BBC culture and media editor Katie Razzall makes the point that the organisation has no say in its chairman’s appointment and that as a board member, Mr Sharp does not have a say in editorial matters.

The chairman is in charge of upholding and protecting the BBC’s independence and ensuring the BBC fulfils its mission to inform, educate and entertain, among other things.

Mr Sharp was named as the government’s preferred candidate for the BBC chairmanship in January 2021 and at the time the Commons Digital, Culture, Media and Sport (DCMS) Committee backed his appointment.

The government’s choice is ultimately decided by the prime minister – at the time Mr Johnson – on the advice of the culture secretary, who is in turn advised by a panel.

As he is appointed by the government, Mr Sharp can only be sacked by the secretary of state or resign, he cannot be axed by the BBC.

Labour’s shadow culture secretary Lucy Powell said Mr Sharp is “totally unable” to handle the Lineker row and has written to Culture Secretary Lucy Frazer asking for his position to be “urgently clarified”.

She wrote: “He is the one who should be giving staff, viewers and complainants the confidence that the organisation has acted proportionately and fairly. He is totally unable to perform this function.”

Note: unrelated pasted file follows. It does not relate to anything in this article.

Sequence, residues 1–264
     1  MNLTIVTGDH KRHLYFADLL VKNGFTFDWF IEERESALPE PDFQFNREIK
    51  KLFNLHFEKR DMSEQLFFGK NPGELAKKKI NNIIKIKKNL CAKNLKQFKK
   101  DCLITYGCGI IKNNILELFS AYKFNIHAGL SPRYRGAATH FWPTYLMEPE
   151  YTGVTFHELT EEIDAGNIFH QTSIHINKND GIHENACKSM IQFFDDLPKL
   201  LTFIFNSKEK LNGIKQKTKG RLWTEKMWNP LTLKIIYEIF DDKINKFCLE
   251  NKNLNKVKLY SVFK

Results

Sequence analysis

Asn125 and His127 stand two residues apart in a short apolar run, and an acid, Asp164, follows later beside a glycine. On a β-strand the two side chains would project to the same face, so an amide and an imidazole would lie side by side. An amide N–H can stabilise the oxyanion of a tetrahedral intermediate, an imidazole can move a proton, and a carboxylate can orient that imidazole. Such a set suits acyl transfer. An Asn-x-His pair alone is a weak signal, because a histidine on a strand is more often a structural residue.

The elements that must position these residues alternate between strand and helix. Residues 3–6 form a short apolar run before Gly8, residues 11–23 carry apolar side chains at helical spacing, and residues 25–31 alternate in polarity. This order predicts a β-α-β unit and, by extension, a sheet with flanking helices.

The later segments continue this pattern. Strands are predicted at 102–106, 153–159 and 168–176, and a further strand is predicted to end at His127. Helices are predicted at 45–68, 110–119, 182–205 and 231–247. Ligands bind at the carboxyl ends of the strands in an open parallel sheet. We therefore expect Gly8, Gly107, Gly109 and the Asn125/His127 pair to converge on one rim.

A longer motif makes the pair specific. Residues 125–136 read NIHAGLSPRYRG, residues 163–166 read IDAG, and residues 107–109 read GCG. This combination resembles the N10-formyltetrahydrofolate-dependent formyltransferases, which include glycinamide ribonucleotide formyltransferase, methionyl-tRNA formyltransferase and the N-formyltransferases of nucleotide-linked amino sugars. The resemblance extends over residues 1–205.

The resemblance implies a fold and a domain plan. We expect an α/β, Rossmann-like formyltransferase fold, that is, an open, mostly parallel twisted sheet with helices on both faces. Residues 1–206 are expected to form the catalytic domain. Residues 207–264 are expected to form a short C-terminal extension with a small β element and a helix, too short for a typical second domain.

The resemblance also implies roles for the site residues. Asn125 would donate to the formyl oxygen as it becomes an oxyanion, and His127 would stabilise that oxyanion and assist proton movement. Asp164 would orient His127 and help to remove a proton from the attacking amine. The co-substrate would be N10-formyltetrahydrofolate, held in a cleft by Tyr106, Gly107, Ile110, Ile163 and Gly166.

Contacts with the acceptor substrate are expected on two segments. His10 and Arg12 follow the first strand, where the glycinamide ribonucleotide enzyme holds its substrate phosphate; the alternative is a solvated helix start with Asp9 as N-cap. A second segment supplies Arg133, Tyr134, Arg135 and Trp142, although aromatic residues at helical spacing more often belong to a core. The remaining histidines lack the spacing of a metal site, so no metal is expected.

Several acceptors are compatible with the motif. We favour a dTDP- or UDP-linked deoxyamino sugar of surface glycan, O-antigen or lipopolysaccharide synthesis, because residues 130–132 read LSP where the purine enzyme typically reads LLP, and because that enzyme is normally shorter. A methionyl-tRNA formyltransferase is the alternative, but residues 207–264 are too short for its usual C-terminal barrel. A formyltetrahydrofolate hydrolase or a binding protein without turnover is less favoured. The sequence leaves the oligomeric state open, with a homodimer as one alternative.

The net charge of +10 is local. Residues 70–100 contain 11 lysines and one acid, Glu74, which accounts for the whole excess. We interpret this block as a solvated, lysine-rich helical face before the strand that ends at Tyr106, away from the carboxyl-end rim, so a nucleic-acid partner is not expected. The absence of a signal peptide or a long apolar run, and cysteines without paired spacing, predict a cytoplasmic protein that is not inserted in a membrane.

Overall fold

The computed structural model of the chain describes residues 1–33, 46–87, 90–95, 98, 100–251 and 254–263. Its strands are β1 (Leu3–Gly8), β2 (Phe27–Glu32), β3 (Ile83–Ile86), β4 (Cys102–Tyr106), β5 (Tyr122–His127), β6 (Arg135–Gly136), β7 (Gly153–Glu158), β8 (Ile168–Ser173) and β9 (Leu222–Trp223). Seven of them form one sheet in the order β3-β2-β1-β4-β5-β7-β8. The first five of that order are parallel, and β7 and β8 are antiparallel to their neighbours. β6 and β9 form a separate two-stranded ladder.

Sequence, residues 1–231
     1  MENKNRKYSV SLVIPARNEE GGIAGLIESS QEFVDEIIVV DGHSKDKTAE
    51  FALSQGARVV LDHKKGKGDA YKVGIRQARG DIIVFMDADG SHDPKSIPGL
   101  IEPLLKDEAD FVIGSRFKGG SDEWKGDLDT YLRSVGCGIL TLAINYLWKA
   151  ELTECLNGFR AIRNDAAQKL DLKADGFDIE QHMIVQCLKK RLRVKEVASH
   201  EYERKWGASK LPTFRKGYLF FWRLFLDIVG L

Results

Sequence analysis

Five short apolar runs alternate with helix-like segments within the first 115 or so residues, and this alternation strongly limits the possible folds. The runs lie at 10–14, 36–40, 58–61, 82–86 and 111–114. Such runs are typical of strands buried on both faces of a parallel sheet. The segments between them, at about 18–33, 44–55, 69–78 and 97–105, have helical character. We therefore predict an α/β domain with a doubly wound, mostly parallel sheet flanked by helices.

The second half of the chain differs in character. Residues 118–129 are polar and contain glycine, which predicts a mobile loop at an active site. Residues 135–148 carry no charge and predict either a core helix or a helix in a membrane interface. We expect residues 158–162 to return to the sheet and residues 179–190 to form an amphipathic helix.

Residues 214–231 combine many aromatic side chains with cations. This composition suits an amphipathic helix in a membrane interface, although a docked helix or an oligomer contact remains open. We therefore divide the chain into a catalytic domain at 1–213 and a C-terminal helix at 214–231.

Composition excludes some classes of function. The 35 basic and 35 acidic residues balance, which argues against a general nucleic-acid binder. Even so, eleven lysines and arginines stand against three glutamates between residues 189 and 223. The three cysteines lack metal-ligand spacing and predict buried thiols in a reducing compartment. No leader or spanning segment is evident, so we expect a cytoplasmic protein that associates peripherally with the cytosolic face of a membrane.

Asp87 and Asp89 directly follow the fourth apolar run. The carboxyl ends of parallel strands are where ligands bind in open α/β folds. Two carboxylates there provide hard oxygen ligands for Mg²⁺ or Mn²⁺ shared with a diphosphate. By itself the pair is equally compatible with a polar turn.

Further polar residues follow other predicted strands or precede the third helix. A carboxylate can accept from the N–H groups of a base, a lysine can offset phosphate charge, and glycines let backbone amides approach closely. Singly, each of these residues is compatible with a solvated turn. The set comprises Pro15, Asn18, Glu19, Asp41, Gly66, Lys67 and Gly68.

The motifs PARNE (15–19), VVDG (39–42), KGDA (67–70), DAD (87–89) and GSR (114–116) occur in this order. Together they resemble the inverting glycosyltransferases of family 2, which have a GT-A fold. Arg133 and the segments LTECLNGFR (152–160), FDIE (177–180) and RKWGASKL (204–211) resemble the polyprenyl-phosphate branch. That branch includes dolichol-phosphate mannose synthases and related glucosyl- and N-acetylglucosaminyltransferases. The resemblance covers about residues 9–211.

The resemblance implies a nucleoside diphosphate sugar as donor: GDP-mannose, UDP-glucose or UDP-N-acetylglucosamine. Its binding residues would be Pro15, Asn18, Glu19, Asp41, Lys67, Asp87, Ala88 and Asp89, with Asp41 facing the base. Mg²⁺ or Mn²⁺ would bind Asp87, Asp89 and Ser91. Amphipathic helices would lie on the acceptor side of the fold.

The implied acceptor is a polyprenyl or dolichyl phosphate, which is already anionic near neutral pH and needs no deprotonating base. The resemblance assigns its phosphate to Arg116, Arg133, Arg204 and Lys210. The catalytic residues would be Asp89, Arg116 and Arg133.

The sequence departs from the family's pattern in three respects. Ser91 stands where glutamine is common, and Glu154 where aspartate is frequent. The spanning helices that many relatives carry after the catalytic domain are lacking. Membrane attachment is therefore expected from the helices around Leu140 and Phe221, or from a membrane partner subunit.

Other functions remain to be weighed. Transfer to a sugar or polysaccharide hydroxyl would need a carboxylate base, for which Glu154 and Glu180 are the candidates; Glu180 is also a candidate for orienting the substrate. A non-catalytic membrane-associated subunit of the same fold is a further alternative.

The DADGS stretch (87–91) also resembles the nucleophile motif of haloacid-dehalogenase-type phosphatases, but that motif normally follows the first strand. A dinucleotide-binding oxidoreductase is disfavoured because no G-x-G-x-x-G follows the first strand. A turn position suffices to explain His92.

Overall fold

Ms Powell also called on Ms Frazer to give details on any conversations she had with Mr Sharp, as well as Director General Tim Davie and other BBC executives about Lineker’s suspension.

Former journalist Baroness Wheatcroft, a crossbench peer who sits on the Lords Communications and Digital Committee, added the BBC should “call for the suspension” of “clearly political” Mr Sharp after the Lineker row.

She told BBC Radio 4’s Today programme: “The problem is that the BBC has guidelines, but it doesn’t apply them fairly. Guidelines only work if they are applied right across the board within the scope of the guidelines, and clearly the BBC has failed on that.”

Former head of BBC TV News and director of sport, Roger Mosey, also called for Mr Sharp to go as he said the chairman had “damaged the BBC’s credibility”.

He wrote on Twitter: “Ideally, Lineker should stay within clear, agreed guidelines. And the BBC should send out its executives to be interviewed and explain how they intend to resolve this crisis.”

Prof Steven Barnett, professor of communications at the University of Westminster, told BBC News he had supported Mr Sharp’s appointment but now thought he should go.

“It is clear it is now a big question mark over the whole of the BBC’s output and commitment to impartiality,” he says.

Downing Street previously said it was reserving judgement on Mr Sharp’s appointment until investigations are completed.

The BBC has approached Mr Sharp for comment.

Related Topics

Products You May Like

Articles You May Like

Humza Yousaf succeeds Nicola Sturgeon as SNP leader
More storms feared after Mississippi tornado
Blaming Kyrie is wrong. Mavs are flawed
Principal resigns after Florida students shown Michelangelo statue
Gordon Moore, Intel co-founder and creator of Moore’s Law, dies aged 94

Leave a Reply

Your email address will not be published. Required fields are marked *

This site uses Akismet to reduce spam. Learn how your comment data is processed.